Vaccines 2022, 10(10), 1766; https://doi.org/10.3390/vaccines10101766 - 21 Oct 2022
Viewed by 856
Abstract
In the context of the COVID-19 pandemic, the co-circulation of influenza and SARS-CoV-2 viruses may have severe complications for vulnerable populations. For this reason, the World Health Organization pointed to the 2020–2021 anti-influenza campaign as being of special relevance. Our aim was to [...] Read more.
In the context of the COVID-19 pandemic, the co-circulation of influenza and SARS-CoV-2 viruses may have severe complications for vulnerable populations. For this reason, the World Health Organization pointed to the 2020–2021 anti-influenza campaign as being of special relevance. Our aim was to assess the 2020–2021 influenza vaccination coverage, and its associated factors, among patients in a Spanish multiple sclerosis (MS) unit. A cross–sectional study was conducted. People attending the MS unit of the Clinical Hospital of Zaragoza during 2020 were included. Variables were obtained by reviewing records. Associations with 2020–2021 influenza vaccination were analyzed using bivariate analysis and a multiple logistic regression model. A total of 302 patients were studied; 62.6% were women, whose mean age (standard deviation) was 47.3 (11.5) years. The 2020–2021 influenza vaccination coverage was 55.3% (59.8% in women and 47.8% in men). A total of 89.7% had at least one other indication for vaccination (e.g., immunosuppressive treatment in 225 patients). The variables associated with getting vaccinated were being female (adjusted odds ratio (95% confidence interval) (aOR (95%CI) = 2.12 (1.12–3.99)), having received the 2019–2020 influenza vaccine (aOR (95%CI) = 31.82 (14.71–68.86)) and being born in Spain (aOR (95%CI) = 12.91 (1.07–156.28)). Coverage is moderate compared to other countries. It is necessary to develop strategies to improve it, especially in men and those born outside Spain. Full article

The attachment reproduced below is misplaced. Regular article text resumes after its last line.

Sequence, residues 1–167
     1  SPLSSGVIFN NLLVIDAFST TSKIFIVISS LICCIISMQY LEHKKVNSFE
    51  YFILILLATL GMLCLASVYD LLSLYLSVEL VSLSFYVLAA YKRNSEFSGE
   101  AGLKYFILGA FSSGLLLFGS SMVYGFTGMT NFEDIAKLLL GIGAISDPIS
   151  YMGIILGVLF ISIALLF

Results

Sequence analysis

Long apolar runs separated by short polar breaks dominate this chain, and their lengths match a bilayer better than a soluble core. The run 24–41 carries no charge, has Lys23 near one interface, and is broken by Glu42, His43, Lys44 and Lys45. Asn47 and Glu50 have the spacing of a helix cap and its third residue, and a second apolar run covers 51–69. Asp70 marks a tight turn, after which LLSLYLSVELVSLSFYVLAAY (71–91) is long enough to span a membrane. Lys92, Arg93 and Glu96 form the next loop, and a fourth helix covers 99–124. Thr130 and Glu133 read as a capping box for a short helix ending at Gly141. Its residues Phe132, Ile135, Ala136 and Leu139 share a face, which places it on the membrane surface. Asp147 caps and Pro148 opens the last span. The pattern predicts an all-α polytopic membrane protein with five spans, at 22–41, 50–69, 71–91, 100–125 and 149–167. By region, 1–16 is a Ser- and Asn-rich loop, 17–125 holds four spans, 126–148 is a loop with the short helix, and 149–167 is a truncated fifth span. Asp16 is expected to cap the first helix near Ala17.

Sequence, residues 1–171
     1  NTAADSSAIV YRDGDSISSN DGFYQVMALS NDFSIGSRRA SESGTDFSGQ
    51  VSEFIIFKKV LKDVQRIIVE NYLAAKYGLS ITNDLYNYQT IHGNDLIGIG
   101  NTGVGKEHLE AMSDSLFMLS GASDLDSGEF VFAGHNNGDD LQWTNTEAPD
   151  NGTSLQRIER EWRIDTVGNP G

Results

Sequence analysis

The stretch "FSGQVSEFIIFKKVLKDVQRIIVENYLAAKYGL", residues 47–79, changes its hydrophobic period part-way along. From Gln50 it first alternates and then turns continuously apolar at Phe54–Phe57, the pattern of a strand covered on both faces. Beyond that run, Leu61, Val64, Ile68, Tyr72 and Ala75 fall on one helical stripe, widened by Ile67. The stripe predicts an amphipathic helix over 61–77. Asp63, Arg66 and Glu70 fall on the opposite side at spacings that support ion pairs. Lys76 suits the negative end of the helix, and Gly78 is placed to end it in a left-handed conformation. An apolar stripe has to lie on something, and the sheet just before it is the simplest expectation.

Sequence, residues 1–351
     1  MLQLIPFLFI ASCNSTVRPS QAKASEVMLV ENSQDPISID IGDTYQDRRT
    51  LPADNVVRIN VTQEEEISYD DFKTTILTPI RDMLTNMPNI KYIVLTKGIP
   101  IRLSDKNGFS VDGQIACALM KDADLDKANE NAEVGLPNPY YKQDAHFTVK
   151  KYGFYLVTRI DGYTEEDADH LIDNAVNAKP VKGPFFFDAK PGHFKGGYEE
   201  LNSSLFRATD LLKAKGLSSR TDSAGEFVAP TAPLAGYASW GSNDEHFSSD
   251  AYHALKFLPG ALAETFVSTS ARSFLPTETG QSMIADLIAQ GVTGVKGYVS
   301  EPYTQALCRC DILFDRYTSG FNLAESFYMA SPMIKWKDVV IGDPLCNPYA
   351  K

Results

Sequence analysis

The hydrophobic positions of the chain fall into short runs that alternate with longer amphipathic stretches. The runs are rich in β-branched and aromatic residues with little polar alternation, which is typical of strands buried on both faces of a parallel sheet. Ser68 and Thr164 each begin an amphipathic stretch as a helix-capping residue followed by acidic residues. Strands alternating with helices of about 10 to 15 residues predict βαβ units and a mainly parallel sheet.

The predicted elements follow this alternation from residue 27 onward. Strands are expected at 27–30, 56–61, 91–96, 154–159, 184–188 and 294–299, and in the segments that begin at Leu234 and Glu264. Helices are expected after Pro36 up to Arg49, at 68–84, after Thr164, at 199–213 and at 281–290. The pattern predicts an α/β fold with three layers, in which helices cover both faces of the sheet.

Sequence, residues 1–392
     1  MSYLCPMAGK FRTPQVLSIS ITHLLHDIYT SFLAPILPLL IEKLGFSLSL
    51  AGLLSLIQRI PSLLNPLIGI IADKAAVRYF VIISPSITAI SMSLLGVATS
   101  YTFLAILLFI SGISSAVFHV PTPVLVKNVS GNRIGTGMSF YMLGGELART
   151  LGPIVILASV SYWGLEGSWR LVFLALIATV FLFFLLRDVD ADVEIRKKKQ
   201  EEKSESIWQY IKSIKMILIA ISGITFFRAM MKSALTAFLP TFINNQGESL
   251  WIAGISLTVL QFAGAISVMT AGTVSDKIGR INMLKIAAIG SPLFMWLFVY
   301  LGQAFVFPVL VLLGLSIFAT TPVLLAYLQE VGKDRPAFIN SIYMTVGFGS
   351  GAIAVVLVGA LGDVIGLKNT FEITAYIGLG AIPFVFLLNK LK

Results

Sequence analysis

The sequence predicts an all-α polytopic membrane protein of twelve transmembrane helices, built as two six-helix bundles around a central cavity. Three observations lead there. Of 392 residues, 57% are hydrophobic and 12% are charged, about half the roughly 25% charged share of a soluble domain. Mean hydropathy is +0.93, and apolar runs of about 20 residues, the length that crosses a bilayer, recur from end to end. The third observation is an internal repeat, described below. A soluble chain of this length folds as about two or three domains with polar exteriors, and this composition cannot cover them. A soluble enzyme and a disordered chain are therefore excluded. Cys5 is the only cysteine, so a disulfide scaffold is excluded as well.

(This article belongs to the Special Issue Vaccination and Public Health)
Brief Report
COVID-19 Vaccine Refusal among Nurses Worldwide: Review of Trends and Predictors
Vaccines 2022, 10(2), 230; https://doi.org/10.3390/vaccines10020230 - 02 Feb 2022
Cited by 19 | Viewed by 3874
Abstract
COVID-19 vaccination hesitancy has become a major concern around the world. Recent reports have also highlighted COVID-19 vaccination hesitancy in healthcare workers. Despite media reports and scientific publications, little is known about the extent and predictors of COVID-19 vaccination refusal among nurses. Thus, [...] Read more.
COVID-19 vaccination hesitancy has become a major concern around the world. Recent reports have also highlighted COVID-19 vaccination hesitancy in healthcare workers. Despite media reports and scientific publications, little is known about the extent and predictors of COVID-19 vaccination refusal among nurses. Thus, the purpose of this study was to assess COVID-19 vaccine refusal rates among nurses globally and to explore the reasons for refusal and factors associated with the uptake of the vaccines. A scoping review of the published literature was conducted, and a final pool of 51 studies (n = 41,098 nurses) from 36 countries was included in this review. The overall pooled prevalence rate of COVID-19 vaccine refusal among 41,098 nurses worldwide was 20.7% (95% CI = 16.5–27%). The rates of vaccination refusal were higher from March 2020–December 2020 compared to the rates from January 2021–May 2021. The major reasons for COVID-19 vaccine refusal were concerns about vaccine safety, side effects, and efficacy; misinformation and lack of knowledge; and mistrust in experts, authorities, or pharmaceutical companies. The major factors associated with acceptance of the vaccines were: male sex, older age, and flu vaccination history. Evidence-based strategies should be implemented in healthcare systems worldwide to increase the uptake of COVID-19 vaccines among nurses to ensure their safety and the safety of their patients and community members. Full article
(This article belongs to the Special Issue Vaccination and Public Health)